Cranky’s Flickershow Reviews

By Neil Richter

Superbad…yeah right.

 

       Talk about a complete misnomer.  Superbad just might be the best teen sex comedy of the last decade or so.  If Animal House was The Godfather to these types of movies, then Superbad is Goodfellas—more graphic, more fearless, and way funnier.  Superbad takes chances that its predecessors didn’t, including a gross-out gag involving the only bodily discharge not to be utilized in a sex comedy up until this point.  In short, it’s a shot of pure adrenalin into a tired premise.

       Allow me to set aside my gushing for a few minutes in order to take a closer look at the framework of the film.  For the remainder of this review, I will be purposefully vague so as not to spoil any of the jokes. (Including the ones the previews as well as other reviewers have already spoiled) High school buddies Seth and Evan are facing separation anxiety due to the onset of college.  They spend one wild night together, the last before graduation, trying to secure booze for a party, a party in which they hope to intercept the (hopefully) drunken girls of their respective dreams.  To achieve this end, they enlist Fogel, the nerd to end all nerds, on account of the fake I.D. that he has recently secured.  From here on out, things don’t go as planned.  That’s it.  Like many teen films before it, Superbad relies on the ‘one wild night’ premise, limiting itself to a 24 hour time-frame, and a brief coda taking place the morning after.  In short, even the set up has been done hundreds of times before.  Think American Graffiti.  Think Dazed and Confused.  Hell, think Can’t Hardly Wait.  My underlying point here is that the magic of Superbad cannot be easily categorized.  The jokes are just as sophomoric and scatological as you might expect, perhaps even moreso, but time and again they hit the comedic bullseye with an accuracy that is nothing short of frightening.  The entire production seems somewhat rambling and slapped together as the boys stumble from one adventure to another.  There were many times when I stared at the screen agape, wondering why on God’s green earth I was laughing so hard at a joke I’ve heard different variations of hundreds of times before.  However, for every time I had that reaction, there were a dozen other moments that blindsided me with their boldness and originality.  

       Much of this must be attributed to the young cast.  I could go on and on about what is wonderful about each performance.  However, that would quickly become redundant.  While Jonah Hill and Christopher Mintz-Plasse (Seth and Fogel) are brilliant in their own right, I only have the space to single out one actor.  That would invariably be Michael Cera.  His Evan is one of the more believable high school-aged characterizations to come down the pike in quite awhile.  It helps that Cera is himself a teenager (Jonah Hill is actually in his 20’s) so his look is completely right for the youth of the part.  Furthermore, Cera has been developing his singular comedic persona for quite some time now.  Just look at his work on the highly acclaimed series Arrested Development for proof of this.  Cera is the real deal.  Some of the funniest moments in Superbad are his nonverbal reactions to everything that goes on around him.  This guy makes answering a cell phone look funny.  He makes running look funny.  He makes riding a bus look funny.  While most would-be comedians his age use wild mannerisms and over-the-top behavior to get laughs, Cera simply moves his eyes in a certain way, or adds the slightest pause to one of his lines.  Wherein most comedians take a shovel-to-the-face approach to an audience, Cera utilizes a scalpel.  There are hundreds of adult comedians out there who, after years and years of work on the comedy circuit, have yet to understand the subtle rhythms that Cera taps into here.  The man is a surgeon…the end.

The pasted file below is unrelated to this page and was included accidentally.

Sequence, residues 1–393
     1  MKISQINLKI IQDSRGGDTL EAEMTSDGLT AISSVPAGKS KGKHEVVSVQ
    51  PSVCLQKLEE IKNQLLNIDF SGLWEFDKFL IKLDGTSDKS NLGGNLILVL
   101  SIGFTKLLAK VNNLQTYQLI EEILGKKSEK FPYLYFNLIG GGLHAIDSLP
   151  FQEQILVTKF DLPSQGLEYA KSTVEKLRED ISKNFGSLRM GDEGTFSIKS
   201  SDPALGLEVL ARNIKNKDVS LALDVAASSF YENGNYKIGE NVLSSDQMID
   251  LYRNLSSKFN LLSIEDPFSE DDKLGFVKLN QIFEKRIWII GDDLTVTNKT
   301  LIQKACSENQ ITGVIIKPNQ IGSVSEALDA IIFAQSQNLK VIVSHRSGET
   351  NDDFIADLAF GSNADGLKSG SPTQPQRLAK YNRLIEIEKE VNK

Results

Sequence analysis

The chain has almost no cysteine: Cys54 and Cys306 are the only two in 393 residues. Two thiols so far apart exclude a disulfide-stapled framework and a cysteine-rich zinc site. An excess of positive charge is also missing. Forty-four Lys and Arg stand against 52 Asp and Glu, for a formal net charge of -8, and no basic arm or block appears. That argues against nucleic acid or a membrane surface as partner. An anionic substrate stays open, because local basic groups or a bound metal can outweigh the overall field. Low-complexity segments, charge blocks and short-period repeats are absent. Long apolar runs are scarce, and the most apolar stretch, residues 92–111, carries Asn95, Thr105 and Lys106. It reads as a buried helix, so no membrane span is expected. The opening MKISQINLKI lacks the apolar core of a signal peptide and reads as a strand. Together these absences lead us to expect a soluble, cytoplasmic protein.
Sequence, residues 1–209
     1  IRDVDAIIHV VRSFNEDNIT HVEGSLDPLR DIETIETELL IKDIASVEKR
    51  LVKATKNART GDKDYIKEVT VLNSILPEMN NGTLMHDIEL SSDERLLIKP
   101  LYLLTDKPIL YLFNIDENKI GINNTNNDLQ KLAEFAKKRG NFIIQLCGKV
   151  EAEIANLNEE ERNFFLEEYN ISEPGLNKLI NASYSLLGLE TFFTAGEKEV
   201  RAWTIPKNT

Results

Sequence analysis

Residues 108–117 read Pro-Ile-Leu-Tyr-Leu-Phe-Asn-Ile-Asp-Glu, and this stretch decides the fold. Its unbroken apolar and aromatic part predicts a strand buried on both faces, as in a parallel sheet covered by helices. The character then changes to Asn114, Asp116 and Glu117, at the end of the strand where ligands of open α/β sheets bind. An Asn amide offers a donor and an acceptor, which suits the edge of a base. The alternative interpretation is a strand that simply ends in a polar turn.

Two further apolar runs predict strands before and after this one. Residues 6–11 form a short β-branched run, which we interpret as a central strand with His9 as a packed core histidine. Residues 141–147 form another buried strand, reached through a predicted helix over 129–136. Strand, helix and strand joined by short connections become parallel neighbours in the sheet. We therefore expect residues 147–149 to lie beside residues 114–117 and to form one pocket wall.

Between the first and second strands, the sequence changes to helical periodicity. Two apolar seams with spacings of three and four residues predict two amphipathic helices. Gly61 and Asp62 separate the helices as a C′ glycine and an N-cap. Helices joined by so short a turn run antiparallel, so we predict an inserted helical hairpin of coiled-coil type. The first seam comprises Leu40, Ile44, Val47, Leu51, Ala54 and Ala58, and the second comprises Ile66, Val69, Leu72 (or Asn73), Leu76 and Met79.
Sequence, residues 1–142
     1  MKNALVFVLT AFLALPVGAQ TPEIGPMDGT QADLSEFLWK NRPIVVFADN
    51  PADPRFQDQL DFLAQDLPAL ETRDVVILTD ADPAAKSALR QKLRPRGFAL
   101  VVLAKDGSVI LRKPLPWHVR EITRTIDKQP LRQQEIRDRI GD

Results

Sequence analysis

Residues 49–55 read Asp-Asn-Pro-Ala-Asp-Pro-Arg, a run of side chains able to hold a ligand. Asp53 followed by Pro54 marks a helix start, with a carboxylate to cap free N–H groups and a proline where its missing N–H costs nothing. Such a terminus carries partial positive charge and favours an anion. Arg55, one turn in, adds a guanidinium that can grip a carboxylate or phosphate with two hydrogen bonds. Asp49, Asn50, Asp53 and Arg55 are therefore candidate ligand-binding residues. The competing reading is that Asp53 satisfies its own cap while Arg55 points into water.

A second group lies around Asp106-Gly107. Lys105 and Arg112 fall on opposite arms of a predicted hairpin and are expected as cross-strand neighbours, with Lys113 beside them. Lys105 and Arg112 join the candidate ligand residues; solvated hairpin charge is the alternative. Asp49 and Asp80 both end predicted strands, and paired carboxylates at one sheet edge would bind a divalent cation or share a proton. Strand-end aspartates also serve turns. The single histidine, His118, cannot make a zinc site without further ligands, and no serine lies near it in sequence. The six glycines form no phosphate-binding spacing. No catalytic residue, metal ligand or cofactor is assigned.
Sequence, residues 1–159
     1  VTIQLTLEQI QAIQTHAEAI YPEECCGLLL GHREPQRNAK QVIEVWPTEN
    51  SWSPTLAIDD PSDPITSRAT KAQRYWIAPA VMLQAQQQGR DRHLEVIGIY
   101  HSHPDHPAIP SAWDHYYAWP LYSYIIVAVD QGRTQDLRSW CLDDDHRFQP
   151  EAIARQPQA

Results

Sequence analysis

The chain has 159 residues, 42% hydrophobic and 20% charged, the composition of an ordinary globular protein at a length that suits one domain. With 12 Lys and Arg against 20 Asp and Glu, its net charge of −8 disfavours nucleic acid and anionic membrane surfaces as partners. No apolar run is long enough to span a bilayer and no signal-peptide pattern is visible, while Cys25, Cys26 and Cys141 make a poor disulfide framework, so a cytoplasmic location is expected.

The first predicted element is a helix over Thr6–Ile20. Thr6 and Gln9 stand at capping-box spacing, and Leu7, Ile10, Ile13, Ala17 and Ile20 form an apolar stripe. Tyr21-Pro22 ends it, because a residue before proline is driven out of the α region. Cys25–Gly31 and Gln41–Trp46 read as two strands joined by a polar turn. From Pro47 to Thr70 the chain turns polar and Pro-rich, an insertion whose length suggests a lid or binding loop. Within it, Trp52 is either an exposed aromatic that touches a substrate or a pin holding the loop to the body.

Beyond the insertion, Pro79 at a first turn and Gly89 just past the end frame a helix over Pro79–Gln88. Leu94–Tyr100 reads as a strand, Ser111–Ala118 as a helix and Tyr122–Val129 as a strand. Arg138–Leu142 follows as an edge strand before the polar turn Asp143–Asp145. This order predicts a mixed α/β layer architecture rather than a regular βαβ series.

As I gradually run out of space, I feel a pang of guilt for not giving a shoutout to Seth Rogan, the man who helped create Superbad, in addition to playing one of two dangerously intoxicated police officers in the film.  How long will it take for him to be noticed by Hollywood?  As the right hand man to certified comedic GENIUS Judd Apatow, he has helped bring us projects as diverse as Freaks and Geeks (in my opinion the best…thing…in any medium…about teenagers.), as well as the recent megahits The 40 Year Old Virgin and Knocked Up.  With Superbad’s inevitable success, I think ol’ Seth is going to be getting a lot more work outside of Apatow and co. 

       One last thing.  My love for this film is not simply based on laughter.  Yes, I appreciated the many well-rounded and downright Shakespearean jokes regarding human genitalia.  Yes, I loved the wanton property damage and overall irresponsible behavior on display.  However, what really struck a chord with me was the realism.  The emotions bubbling under the surface of this film are painfully genuine, and often not very funny at all.  The transition period between the teen years and young adulthood is a tough time.  Superbad knows this with a vulgar eloquence that sets the bar very, very high for future teen films.  Most movies varnish over this with cheap, invented scenarios.  Superbad lives in it.  It knows what its like to truly embarrass yourself in front of the opposite sex.  Not cute little sitcom stutters, I’m talking absolute humiliation.  It knows what its like to feel that alcohol is the only thing that will make you cooler, or more charming, or better, only to have those assumptions blasted away into shameful, bleary-eyed oblivion.  It knows what its like to cover your fears of the future with vulgar jokes and misplaced aggression.  In short, Superbad conveys all the horrors and joys of youth in a way that few films have.  Oh, and it also has some great jokes about the male sex organ.

 

8/30/07